Spyware and You.
June 13, 2004
Just to follow-up yesterday’s post about Spyware and Viruses…
There are a few little rules to anti-spyware programs that may not be terribly obvious until you’ve used them for awhile.
- Never use old anti-spyware. Every time you run the things, download a new set of definitions, or a complete new program. Otherwise, you run the risk of either removing something you shouldn’t, or (worse) not removing something you should.
- Yes, you need to run both programs (AdAware and Spybot Search and Destroy)—each of them finds things that the other one doesn’t. Today for instance, on my PC, Spybot S&D found 6 problems (not counting cookies), and after they were removed, AdAware found one more. If I’d have ran them in the other order, what each found would have probably been different, but the end result would have been the same.
- Use great caution with the “protection” or “immunization” features of anti-spyware. Your milage may vary, but every time I’ve ever tried these features, they’ve ended up blocking me from doing legitimate things or going to legitimate sites. The good news is that these are pretty much the features that the manufacturer wants to charge money for, so use the free scanning features and forget the rest.
- Use great caution with anti-spyware programs other than these two—some of the stuff out there labeled “anti-spyware” actually installs its own spyware. Sheesh. For that matter, watch the links you use to get to these products—some of the results Google will return for these product names will not take you anyplace you’d want to go—the links above are correct.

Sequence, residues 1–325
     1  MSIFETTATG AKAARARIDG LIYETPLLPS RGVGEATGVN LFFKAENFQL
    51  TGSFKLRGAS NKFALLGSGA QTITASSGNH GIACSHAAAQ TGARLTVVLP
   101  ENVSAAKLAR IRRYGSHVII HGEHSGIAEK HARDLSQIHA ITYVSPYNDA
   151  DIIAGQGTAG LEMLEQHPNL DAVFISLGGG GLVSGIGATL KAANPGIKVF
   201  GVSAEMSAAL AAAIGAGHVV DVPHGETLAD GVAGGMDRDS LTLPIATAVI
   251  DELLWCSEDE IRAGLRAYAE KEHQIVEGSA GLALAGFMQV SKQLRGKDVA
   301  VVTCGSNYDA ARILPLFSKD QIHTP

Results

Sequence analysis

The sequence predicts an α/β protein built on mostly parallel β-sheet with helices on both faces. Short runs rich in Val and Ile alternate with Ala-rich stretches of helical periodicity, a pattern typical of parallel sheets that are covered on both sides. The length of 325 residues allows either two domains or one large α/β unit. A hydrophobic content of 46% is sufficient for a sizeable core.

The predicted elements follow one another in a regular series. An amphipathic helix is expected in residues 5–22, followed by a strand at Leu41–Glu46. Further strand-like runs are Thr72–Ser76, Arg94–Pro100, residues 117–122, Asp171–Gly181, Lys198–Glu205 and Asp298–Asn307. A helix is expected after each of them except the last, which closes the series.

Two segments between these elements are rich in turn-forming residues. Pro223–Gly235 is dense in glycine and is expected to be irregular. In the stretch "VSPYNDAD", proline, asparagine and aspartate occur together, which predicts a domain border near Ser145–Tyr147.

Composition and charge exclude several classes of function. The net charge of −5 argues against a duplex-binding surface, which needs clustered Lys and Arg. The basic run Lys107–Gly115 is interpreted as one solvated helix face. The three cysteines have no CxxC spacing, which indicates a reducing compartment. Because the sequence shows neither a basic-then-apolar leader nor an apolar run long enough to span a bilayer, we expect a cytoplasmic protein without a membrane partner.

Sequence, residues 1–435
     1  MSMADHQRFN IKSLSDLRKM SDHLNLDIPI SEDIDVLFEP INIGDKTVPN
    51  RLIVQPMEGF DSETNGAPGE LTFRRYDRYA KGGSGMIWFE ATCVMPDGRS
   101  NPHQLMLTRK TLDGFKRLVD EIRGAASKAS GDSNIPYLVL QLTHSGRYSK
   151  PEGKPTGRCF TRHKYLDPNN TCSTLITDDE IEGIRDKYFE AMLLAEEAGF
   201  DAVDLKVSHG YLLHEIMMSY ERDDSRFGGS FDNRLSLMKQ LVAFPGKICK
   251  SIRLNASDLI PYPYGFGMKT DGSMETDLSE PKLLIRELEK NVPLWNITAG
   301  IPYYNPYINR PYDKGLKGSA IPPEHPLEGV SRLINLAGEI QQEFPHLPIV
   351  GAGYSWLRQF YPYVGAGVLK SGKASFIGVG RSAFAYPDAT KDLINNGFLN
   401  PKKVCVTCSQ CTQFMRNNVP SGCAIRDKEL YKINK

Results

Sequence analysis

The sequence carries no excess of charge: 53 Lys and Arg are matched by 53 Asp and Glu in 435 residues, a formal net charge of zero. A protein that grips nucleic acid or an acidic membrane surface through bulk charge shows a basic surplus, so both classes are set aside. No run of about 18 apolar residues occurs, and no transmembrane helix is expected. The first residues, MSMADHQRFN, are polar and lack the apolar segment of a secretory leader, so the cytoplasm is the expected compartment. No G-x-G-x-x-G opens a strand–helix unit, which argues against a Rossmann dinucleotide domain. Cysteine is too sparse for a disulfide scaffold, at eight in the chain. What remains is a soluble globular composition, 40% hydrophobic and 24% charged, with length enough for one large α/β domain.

- Anti-spyware is not “set and forget”—you need to run it periodically. How often? At least once every 30 days would be a good idea. If your machine is acting flakey, or you see something strange and new, run it now. For example, today for some reason, Internet Explorer started acting flakey on me—if I typed an address into the address bar, it wouldn’t find it unless I included the “http://” at the front (which should not be required). I downloaded and ran AdAware and Spybot S&D, and the problem went away.
Another great idea is to try to wean yourself off of Internet Explorer. Which is not to say it’s a bad browser (that’s another discussion), but the fact is that it’s the biggest damn target out there. Did you ever see the “Far Side” cartoon with the deer that had a bullseye birthmark on it’s chest (“Bummer of a birthmark, Hal”)? Yeah, like that. Why make yourself a target if you don’t need to be? I have to run IE mostly because I have to build and support sites that run on it. When I’m not doing that, I use something else when I’m browsing on the PC.
Mozilla FireFox is an excellent free alternative to IE. It’s small, fast, sexy, and best of all, it supports tabbed browsing. Have you ever gotten tired of having a zillion IE windows open? Tabbed browsing will be your new best friend. If you run into a site that absolutely insists on you using IE, you’ve still got it handy.
Last but not least, popups and spyware go together like stink and cat boxes. Until Microsoft gets around to shipping their popup blocker update, install the Google Toolbar. Not only is it handy, but it includes a pop-up blocker (FireFox has one built-in, of course). None of the pop-up blocking technology is 100% (there is the inevitable arms race between popup builders and the blocker writers), but they’ll stop the vast majority of them.